HR enters a new era

How
is HR shaping up in the Naughts? Paul Simpson looks at how the latest social
trends are influencing the profession

The
idea that people are a company’s most important asset may well be half a century
old. The exact age of the clichŽ depends on whether you credit it to Gary
Becker (author of Human Capital, published in 1864), Peter Drucker (who began
producing classic work on management in the 1950s) or US social worker Mary
Parker Follett who started writing about work in the 1920s. But, regardless of
its source, the important question is: are there grounds for believing that in
the Noughts, companies may finally shape policy with the slogan in mind?

Well,
there are some. Cary Cooper, professor of organisational psychology at the
University of Manchester Institute of Science and Technology, says, "There
is a feeling in the UK that we are too close to the American model, have run
the danger of becoming the 51st state and that, although we don’t want the
rigidity you see in some European economies, we are seeing the costs of the
American model: the long hours, the rise in divorces, the insecurity which
comes from the use of short-term contracts. How we mend the psychological
contract between employer and employee is, for me, the critical question of the
decade."

Not
that the rush of post-11 September redundancies suggest any great rethinking in
the heart of the corporate world. But there are some structural factors which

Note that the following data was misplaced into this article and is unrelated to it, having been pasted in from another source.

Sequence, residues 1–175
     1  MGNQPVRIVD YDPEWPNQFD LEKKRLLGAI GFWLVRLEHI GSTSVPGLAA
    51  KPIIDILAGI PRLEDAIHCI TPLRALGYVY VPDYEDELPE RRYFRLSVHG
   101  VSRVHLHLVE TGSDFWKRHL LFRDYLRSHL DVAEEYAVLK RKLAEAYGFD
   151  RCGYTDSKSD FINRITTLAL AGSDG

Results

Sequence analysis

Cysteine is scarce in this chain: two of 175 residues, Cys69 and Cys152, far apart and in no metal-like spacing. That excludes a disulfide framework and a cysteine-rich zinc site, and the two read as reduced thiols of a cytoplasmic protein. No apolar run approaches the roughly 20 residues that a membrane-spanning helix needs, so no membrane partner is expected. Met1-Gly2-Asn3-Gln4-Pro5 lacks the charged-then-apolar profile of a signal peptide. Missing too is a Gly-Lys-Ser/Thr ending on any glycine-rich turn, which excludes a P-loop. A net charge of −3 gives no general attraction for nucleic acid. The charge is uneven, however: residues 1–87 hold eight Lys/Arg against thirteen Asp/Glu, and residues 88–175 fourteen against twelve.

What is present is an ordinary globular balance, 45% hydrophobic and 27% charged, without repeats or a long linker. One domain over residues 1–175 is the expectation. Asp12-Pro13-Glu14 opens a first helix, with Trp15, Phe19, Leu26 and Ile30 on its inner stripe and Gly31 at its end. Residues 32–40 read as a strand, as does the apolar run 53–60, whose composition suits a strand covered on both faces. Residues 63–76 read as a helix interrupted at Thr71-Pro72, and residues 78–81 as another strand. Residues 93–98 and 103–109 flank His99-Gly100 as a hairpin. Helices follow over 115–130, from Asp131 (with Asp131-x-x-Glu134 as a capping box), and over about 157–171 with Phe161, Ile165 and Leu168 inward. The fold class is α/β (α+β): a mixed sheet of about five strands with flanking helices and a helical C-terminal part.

may boost the influence of HR.

The
first is the degree of consensus which exists in the industrial and political
landscape. Neither last year’s British general election nor the 2000 US
Presidential election offered the voter the clear ideological choices of most
previous contests. Increasingly the argument has come down to personalities and
managerial competence. Cooper says the same is happening in industry:
"Look at John Monks at the TUC – he is a completely different kind of
union leader. He has a business case for everything."

Management
will welcome this in some ways – it is hard, after all, to negotiate with a
union leader who believes you are a running dog of imperialism who has deprived
the workers (his members) of the legitimate fruits of their labour.

And
yet the public argument may be harder to win now it is impossible to dismiss
the union leader as ‘red Robbo’. Indeed, this kind of name-calling feels like
old politics, of the kind practised so efficiently but ineffectually by William
Hague in his stint as Conservative leader.

But
this is good news for HR, which works best when there is common ground. The
absence of such agreement and the enslavery of HR to industrial relations
marked the 1960s and 1970s – two of the decades when personnel’s influence in
the corporate power game was at its lowest. At the same time, the balance of
power between employer and union is less one-sided than it was in the 1980s,
when line managers felt they could afford to ignore legitimate HR concerns in a
macho willingness to exercise their ‘right to manage’.

Macho
management isn’t very popular these days. Bill Gates, the most famous
businessman in the world, has managed to become public enemy number one in the
land of free enterprise partly by dint of his sheer visibility, a reputation
(realistic or not) for arrogance and an anti-trust case.

His